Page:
Incentive program aims to halt production exodus
California, though home to Hollywood, has been late to enter the derby of states offering hefty entertainment tax incentives to nab film and television productions. But the five-year, $500 million program of 20% to 25% tax credits, signed into law earlier this year by Gov. Arnold Schwarzenegger, is off to a running start since it kicked into action July 1.
Unlike other state incentive programs, which are meant to lure shoots, California’s tax- credit program is designed to stop productions from fleeing the Golden State to take advantage of tax breaks available elsewhere.
As a result, several shoots are under way in the Los Angeles area and a number of others are set to begin this month and next.
“We struggled and spent so much time planning every little part of the application process,” says Amy Lemisch, head of the California Film Commission, which is administering the program, “but everything has gone very smoothly, and we’ve processed and approved most of the 60 applications that we’ve received.”
A concern that the money would run out almost instantly hasn’t proved true, and there are still funds in the till for new applicants, per Lemisch.
Helping is the fact that the initial allocation comes to $200 million, not $100 million, because it happens to span two legislative fiscal years. Meanwhile, worries that a few big-budget productions would quickly soak up most of the tax credits have proved unfounded. A variety of projects, ranging from small independent movies to star-studded studio productions and even one foreign film, have been approved, as have TV series.
The reaction of producers who have made the cut ranges from enthusiastic to euphoric.
“It was the first time I was involved in a production where we could actually apply for California incentives,” says Andy Fickman, producer and director of “You Again,” a Disney comedy about graduates of a small-town high school who remain at crossed swords.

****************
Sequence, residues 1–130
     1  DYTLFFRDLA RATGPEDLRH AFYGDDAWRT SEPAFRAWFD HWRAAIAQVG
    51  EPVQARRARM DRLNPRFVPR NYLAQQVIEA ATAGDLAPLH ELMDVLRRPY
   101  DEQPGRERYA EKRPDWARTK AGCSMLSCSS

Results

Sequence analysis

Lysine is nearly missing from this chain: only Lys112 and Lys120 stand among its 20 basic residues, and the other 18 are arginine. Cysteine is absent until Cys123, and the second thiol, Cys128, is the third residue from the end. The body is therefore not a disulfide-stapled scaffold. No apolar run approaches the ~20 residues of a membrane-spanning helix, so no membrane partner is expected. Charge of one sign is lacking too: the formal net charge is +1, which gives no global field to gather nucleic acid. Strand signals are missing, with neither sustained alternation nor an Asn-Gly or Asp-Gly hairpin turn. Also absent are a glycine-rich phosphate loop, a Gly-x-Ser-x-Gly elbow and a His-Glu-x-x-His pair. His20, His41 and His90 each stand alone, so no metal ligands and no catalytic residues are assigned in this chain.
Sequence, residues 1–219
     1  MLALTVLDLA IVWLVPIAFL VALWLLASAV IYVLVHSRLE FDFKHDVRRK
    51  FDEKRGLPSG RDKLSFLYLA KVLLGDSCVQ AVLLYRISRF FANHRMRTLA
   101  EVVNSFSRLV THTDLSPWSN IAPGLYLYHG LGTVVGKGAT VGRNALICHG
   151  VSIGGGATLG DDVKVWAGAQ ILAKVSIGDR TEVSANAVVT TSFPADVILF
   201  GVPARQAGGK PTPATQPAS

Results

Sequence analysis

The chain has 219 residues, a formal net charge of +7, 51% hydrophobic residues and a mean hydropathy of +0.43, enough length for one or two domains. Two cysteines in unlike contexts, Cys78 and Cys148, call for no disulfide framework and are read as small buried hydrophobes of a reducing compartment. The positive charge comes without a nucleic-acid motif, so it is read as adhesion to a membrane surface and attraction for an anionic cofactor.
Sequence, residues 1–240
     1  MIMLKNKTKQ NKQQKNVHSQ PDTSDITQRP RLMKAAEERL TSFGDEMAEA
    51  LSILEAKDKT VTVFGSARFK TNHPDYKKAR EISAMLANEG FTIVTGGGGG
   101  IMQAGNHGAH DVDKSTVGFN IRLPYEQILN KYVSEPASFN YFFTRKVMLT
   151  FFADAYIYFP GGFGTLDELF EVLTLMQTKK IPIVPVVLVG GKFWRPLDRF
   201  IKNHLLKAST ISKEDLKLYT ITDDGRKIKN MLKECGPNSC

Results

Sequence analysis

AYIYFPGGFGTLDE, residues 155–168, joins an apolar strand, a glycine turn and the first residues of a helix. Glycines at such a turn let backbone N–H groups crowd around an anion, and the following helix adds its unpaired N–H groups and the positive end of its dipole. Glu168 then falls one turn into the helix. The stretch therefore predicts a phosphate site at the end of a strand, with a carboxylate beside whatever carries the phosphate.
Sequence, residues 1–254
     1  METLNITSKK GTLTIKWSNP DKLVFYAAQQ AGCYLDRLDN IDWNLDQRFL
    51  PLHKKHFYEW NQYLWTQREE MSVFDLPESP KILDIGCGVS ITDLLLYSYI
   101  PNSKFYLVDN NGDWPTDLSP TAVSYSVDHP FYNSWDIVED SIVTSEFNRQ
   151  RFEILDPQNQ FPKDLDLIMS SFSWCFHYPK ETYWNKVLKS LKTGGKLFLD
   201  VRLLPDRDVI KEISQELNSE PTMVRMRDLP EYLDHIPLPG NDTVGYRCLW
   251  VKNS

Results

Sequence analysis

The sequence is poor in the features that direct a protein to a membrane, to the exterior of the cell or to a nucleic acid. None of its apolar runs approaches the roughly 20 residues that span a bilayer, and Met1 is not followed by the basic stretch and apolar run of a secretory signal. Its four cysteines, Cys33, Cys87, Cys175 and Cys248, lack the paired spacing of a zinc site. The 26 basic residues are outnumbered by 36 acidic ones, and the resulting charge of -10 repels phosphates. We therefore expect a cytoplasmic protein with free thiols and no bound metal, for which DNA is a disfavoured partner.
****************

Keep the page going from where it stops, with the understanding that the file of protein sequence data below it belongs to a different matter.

The film, which recently wrapped after shooting in Pasadena, Malibu and the San Fernando Valley, stars Kristen Bell, Sigourney Weaver, Jamie Lee Curtis, Betty White and Victor Garber. “They were astonished when they learned we were filming in Los Angeles,” says Fickman. “They thought it would be someplace like North Carolina or New Mexico. When I said California, they thought I was lying.”
To express their gratitude, 114 members of the cast and crew wrote a letter to the governor and the state Legislature that stated: “Without the incentive some of us would be working in another country or state, far from our families. Many more of us would not be working at all.”
“The incentives program really levels the playing field so it’s again possible to budget a picture for California,” says Glenn Gainor, a senior veep for Screen Gems, who was one of the first to qualify a production for the new tax credits.
He is also the producer of “Priest,” about a Catholic clergyman fighting vampires. It filmed in Trona and Victorville, two towns within easy driving range of Los Angeles that feature the desolate locations required by the plot.
“Without the tax credits, the movie could have been made in New Mexico or Morocco or elsewhere –whichever turned out to be the cheapest,” Gainor declares. “There are a lot of places in the world with deserts.”
A number of films had penciled in other locations in case they didn’t qualify for the California incentives. “Christmas in Beverly Hills,” the latest installment of a long-running Italian franchise that each year is set in a different part of the globe, was thinking about going to Arizona as an alternative. “Beverly Hills Chihuahua 2,” a direct-to-DVD sequel, was initially skedded for Vancouver.
Whether the tax-credit program eventually gets renewed in Sacramento in 2014 will be judged by its effectiveness in bolstering production and keeping jobs in Hollywood.
“Usually you start thinking where am I going to film a movie, knowing there are so many cash opportunities and tax breaks elsewhere, but if you start thinking how can you keep this business in California, I think it’s great,” says producer Fickman. “I really hope the governor and the state Legislature keep this program alive.”
Lemisch, who gets credit for her careful vetting of each application, says the California Film Commission plans to put into place rigorous auditing procedures to verify that all spending claims for tax credits are valid.
“I think all of that will build confidence and help the longevity of the program,” she says.
California On Location Awards (COLA)
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